The following is a guest post by Tim Mullahy, General Manager at Liberty Center One, a new breed of data center located in Royal Oak, MI.
Thanks to the cloud, we can now write apps that are available anywhere – but they need to stay available. Here’s how you can ensure that yours do.
These days, availability is the holy grail of app development. Thanks to the consumerization of IT, the expectations of the average worker – and of the average customer – have undergone a seismic shift. They won’t tolerate anything less than excellence when it comes to performance.
They demand a top-notch user experience. They expect to be capable of using an app on whatever device they desire. And most importantly, they require that app be accessible no matter where they are and when they’re using it.
The cloud allows your development team to account for all of those demands – but only if you implement it effectively. You need to be prepared for the demands and challenges of developing a cloud-based app, and you need to be absolutely certain that your business has access to the infrastructure necessary to support that app. Perhaps most importantly, you need to design the app to leverage the cloud’s unique nature, while also navigating the various threats to availability and stability.
Simply put, developing a SaaS application that’s failure proof goes beyond an extensive bug, QA, and stress testing (your team should be doing all that as a minimum, anyway). It requires a slightly different approach to app development, maintenance, and management. Let’s talk about that.
Host Everything on High-Availability Infrastructure – And Monitor It
All infrastructure fails eventually – even the cloud is not immune to this law. The trick is to ensure that yours can fail gracefully. That you can roll over performance demands from one instance to another without causing any interruption for your end users.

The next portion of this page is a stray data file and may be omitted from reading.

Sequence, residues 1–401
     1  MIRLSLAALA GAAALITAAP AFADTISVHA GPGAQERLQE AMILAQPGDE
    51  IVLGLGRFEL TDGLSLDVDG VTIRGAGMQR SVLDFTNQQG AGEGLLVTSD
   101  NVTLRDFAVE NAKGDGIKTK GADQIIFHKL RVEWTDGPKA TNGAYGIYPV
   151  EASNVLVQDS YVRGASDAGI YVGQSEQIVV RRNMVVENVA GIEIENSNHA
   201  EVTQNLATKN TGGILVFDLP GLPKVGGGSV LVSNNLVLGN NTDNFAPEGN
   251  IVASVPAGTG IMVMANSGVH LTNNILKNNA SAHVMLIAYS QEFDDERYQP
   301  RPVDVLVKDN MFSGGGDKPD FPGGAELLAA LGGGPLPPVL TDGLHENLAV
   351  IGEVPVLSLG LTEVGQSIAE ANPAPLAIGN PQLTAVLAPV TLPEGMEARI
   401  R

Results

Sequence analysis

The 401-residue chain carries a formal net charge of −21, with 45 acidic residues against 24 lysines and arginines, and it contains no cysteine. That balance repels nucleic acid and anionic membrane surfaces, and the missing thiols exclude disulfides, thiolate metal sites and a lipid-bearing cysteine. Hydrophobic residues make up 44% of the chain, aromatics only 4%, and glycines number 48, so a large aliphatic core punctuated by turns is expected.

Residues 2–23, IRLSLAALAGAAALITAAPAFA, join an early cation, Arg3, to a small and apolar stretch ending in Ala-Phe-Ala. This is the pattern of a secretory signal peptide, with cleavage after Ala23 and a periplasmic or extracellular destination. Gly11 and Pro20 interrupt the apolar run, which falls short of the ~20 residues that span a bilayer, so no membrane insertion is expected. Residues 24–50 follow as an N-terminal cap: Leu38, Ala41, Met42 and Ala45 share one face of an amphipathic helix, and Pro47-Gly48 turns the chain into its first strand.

That’s easy enough if you’re developing a simple word processor app. However, the more components your app incorporates, the lower its overall availability becomes (more on that in a moment). You need to ensure that anything you cannot replicate is failure-proofed with redundant, high-availability infrastructure.
That includes component directories, processes, non-duplicated database elements, and anything else you deem critical to your app’s functionality.
Mind you, it’s not enough to simply push your app out and leave it to fend for itself. You need to constantly monitor application performance and usage patterns. Set automated alerts and implement automatic cloud bursting to ensure that your app doesn’t come grinding to a halt during periods of especially intensive use.
Keep Your Component Count As Low As Possible
There’s an old adage that I always like to refer to whenever I’m building an app – Keep It Simple, Stupid. While you should never sacrifice usability and quality of life for your end users, you also shouldn’t incorporate anything unnecessary. For example, does your corporate email app really need a ton of rich animations?
To some extent, you can mitigate this issue by developing applications modularly – that way, each element of your app can contain multiple components, and you’ll need to worry less about keeping each individual component operational.
Incorporate Selective Redundancy
Last but certainly not least, it’s important to determine which components of your application are most critical – which elements can it not function without? More importantly, what are your primary points of failure?
Your biggest challenge here – as you likely know – is managing transaction states through a failover. To achieve this, you might need to incorporate application-level state synchronization through a technique like multiphase commit. You might also consider bringing in a database logging process for session activities, especially if you’re creating an app that requires communication.
Guard Against Failure
Availability is the king of app development – and especially if you’re developing an SaaS app, everything you do needs to promote that availability. The advice laid out here provides you with a starting point. The rest, however, is up to you.